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Durham University

Department of English Studies


Academic Staff

Dr Marco Bernini

Assistant Professor in Cognitive Literary Studies in the Department of English Studies
Telephone: +44 (0) 191 33 43265
Room number: Room 007, Hallgarth House

Contact Dr Marco Bernini (email at


Before taking up my current role as an Assistant Professor in Cognitive Literary Studies, I have been a Marie Curie Junior Research Fellow (2012-2014) and a Wellcome Postdoctoral Research Associate (2014-2018) in the Department of English Studies at Durham University. My first postdoctoral appointment was as a IASH fellow at the University of Edinburgh (2011-2012). I am also a core member of the Wellcome Trust interdisciplinary project on auditory-verbal hallucinations ‘Hearing the Voice' at Durham University (2012-2021). Outside Durham, I have been a member of a project on 'Narrative and Complex Systems' at the University of York (Interdisciplinary Centre for Narrative Studies) and of the 'History of Distributed Cognition' project (2014-2018; University of Edinburgh). I will be co-leading with Ben Alderson-Day (Department of Psychology, Durham) an interdisciplinary IAS Major Project on 'Dreams, Narrative and Liminal Cognition' in 2020-2021 (Durham University).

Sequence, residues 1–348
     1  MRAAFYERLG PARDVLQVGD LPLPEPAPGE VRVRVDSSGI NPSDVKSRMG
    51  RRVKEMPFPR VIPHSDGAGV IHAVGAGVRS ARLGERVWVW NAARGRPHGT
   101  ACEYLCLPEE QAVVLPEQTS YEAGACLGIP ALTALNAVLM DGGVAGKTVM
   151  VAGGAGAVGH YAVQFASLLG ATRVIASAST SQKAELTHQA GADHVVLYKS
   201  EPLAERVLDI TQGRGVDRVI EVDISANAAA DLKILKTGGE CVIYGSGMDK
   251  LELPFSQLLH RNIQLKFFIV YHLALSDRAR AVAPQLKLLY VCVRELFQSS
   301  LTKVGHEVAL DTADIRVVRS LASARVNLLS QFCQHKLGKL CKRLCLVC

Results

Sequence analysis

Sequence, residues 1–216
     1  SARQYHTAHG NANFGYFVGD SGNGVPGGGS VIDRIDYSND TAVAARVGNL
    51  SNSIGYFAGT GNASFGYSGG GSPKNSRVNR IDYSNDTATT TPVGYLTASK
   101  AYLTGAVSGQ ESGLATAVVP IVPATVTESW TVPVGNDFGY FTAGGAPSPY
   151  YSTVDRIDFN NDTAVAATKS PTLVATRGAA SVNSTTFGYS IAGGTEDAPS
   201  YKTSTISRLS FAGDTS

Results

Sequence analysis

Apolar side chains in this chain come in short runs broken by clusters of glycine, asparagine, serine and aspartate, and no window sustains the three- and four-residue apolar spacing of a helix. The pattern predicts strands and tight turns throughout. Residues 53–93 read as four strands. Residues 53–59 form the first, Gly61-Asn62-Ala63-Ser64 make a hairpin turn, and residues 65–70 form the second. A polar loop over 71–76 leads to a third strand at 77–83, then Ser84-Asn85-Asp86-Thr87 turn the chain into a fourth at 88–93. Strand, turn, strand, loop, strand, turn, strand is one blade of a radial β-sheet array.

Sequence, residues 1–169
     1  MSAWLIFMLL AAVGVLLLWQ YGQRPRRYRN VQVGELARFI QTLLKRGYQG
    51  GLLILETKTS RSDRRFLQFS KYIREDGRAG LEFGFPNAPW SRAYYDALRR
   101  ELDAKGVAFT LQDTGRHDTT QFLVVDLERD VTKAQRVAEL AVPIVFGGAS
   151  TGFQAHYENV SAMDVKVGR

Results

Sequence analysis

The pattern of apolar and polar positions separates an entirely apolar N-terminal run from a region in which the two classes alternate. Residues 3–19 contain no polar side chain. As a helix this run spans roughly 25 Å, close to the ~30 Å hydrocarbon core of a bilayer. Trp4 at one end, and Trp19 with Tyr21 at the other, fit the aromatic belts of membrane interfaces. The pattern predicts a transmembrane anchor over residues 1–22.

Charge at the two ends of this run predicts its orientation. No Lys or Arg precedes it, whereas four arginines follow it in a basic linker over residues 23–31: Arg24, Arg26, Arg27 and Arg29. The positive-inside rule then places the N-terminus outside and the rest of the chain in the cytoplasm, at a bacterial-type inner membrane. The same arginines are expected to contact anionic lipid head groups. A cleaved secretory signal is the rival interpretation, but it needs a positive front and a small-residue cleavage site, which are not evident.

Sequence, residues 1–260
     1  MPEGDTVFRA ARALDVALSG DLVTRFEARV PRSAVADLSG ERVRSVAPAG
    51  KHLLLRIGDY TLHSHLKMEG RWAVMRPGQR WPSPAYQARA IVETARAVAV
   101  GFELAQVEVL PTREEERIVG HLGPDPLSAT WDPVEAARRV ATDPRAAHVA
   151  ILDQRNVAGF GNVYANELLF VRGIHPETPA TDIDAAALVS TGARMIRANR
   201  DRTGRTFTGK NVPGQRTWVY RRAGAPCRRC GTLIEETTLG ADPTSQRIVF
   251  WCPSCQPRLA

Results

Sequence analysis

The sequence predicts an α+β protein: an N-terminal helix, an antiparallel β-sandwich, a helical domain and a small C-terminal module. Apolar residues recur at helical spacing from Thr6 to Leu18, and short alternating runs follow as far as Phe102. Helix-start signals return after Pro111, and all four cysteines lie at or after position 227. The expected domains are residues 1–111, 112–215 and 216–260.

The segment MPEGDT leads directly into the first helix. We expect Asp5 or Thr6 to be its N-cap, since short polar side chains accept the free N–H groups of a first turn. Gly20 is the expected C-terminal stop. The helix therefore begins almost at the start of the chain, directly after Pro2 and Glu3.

Research Interests

My research interests are in narrative theory (in particular cognitive narratology), modernist fiction (notably the narrative work of Samuel Beckett) and cognitive sciences. I have mainly worked on how literary narratives portray or, as I have been arguing, properly explore cognitve processes (e.g., levels of consciousness and self, transparency and opacity in self-knowledge and metacognition, memory, mindwandering, inner speech, moods and emotions, embodied and enactive couplings with the environment, hypnagogic and hypopompic transitions, altered and hallucinatory perceptions, dream states). I also worked on an application of the extended mind view to the relationship between writing and authorial intentionality, and on a narrative approach to cognitive theories of complexity and emergence. I have a forhcoming book on Samuel Beckett and cognition (Beckett and the Cognitive Method: Mind, Models, and Exploratory Narratives) with Oxford University Press.

I would welcome PhD proposals on:

  • Narrative Theory
  • Cognitive Narratology
  • Samuel Beckett
  • Literary Modernism
  • Cognitive Processes in the Novel
  • Narrative and the Self
  • Narrative, Emergence and Complexity
  • Narrative, Dreams and Hallucinations


Authored book

Book review

Chapter in book

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